FFI, signals and exceptions

Simon Marlow marlowsd at gmail.com
Tue Aug 31 05:02:13 EDT 2010

On 28/08/2010 07:45, Edward Z. Yang wrote:
> Excerpts from Simon Marlow's message of Fri Aug 27 04:05:46 -0400 2010:
>> You should walk cap->suspended_ccalls instead, no lock is required for that.
>> For stress testing, you want to construct an example that has lots of
>> threads making foreign cals and other threads calling throwTo to
>> interrupt them.
> Will do.
>> So this is a proof of concept, and it seems to work  - great!
> This approach of killing threads unceremoniously also seems to have
> garnered a lot of bad juju in other contexts (Java, for example, lets
> you terminate threads, but the function that does so is deprecated,
> since guaranteeing that a thread cleaned up properly in a stateful
> environment is really, really hard.)  Maybe we should just use pthread_kill()
> to send a signal to the thread.

I think the idea of annotating interruptible calls should be good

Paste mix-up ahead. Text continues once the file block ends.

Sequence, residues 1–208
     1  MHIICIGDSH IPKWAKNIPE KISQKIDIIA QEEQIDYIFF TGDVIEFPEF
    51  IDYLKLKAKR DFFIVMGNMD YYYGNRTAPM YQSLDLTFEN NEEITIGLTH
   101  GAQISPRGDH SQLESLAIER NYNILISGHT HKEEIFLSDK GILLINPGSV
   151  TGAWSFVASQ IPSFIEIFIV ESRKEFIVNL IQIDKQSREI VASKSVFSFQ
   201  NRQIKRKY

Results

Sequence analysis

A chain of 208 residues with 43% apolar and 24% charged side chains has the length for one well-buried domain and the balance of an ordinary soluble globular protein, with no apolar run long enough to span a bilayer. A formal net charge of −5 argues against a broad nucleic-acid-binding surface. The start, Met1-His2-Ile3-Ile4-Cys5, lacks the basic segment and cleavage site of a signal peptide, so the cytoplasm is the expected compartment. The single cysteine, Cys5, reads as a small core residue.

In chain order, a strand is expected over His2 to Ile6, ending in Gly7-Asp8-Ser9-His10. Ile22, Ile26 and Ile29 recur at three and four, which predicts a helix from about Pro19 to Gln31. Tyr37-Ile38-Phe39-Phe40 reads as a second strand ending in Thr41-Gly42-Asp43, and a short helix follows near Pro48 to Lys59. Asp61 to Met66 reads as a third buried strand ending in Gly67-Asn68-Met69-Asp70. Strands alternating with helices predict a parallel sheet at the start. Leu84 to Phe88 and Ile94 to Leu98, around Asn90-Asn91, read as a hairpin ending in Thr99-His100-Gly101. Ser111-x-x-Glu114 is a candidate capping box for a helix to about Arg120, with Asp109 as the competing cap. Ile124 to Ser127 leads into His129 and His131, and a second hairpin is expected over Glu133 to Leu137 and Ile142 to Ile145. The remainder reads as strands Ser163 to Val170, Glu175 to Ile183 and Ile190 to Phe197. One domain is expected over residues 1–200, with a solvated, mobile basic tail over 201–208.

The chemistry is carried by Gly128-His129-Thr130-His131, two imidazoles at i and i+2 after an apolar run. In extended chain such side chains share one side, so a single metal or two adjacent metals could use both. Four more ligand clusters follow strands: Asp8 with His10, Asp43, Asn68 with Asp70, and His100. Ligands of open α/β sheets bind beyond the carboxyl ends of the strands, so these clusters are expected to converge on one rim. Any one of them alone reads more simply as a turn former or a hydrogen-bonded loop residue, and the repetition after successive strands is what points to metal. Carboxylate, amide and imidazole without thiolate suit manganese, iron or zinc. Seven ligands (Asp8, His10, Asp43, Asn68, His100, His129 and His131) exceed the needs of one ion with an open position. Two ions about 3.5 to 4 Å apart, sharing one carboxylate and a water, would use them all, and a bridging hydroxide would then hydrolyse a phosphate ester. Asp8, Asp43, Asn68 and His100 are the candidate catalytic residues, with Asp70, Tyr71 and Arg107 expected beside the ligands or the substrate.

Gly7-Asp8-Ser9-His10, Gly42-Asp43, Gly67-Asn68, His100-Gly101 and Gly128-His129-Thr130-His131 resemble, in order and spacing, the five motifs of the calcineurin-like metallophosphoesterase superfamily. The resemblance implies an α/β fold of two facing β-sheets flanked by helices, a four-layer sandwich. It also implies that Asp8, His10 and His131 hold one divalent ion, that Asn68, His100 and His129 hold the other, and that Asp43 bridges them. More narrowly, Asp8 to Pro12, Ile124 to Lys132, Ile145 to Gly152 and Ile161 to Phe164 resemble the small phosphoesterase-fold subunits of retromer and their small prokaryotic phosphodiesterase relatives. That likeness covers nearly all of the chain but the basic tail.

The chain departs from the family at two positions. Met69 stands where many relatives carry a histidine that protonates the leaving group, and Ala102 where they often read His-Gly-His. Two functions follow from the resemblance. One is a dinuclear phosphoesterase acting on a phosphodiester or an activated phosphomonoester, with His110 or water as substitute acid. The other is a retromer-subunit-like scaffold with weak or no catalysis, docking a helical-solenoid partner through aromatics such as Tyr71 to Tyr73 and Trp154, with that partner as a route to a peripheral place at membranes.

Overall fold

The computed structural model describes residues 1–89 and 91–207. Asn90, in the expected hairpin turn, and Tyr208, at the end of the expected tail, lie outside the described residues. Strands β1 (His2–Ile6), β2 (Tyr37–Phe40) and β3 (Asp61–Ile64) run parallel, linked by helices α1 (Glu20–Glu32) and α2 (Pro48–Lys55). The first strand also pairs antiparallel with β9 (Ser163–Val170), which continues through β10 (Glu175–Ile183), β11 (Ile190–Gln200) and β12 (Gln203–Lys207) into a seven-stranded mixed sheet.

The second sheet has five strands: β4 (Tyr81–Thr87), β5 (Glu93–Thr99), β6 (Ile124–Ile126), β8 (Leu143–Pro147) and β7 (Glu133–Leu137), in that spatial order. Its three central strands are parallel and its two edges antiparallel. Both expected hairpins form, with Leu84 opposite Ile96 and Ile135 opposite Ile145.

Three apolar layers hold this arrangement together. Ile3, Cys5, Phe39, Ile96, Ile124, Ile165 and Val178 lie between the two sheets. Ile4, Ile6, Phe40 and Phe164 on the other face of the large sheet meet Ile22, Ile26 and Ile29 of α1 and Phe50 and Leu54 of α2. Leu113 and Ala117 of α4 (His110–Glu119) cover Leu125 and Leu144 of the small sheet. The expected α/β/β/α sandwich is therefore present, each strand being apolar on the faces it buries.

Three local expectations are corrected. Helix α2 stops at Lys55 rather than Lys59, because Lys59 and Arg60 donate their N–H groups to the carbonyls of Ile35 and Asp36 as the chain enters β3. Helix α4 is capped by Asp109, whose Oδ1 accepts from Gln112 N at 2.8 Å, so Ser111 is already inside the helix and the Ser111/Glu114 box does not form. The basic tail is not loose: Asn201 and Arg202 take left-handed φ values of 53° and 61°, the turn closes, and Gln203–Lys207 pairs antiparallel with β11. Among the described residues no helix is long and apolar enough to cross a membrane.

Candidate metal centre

enough.  Simple blocking system calls like "read" can all be annotated 
as interruptible without any problems.  Also, pthread_cancel() provides 
ways to control when cancellation can occur - a thread can say whether 
it allows cancels at any time or only at cancel points, so that will 
allow critical sections to be protected, and allow more complicated 
foreign calls to be made interruptible too.

>>    - bound threads: we can't cancel a bound thread, because then there's
>>      no way to return to the caller (a bound thread results from a call
>>      to a Haskell function from C).  This makes the programming model
>>      slightly unpleasant, because a foreign call will only be
>>      interruptble when called in certan contexts, but I don't know what
>>      to do about that.
> It seems to me that the obvious thing to do is only allow bound FFI calls
> to run on bound threads.  What goes wrong with this approach?  Is the
> waste of threads too severe?

Not sure what you mean here: what's a bound FFI call?


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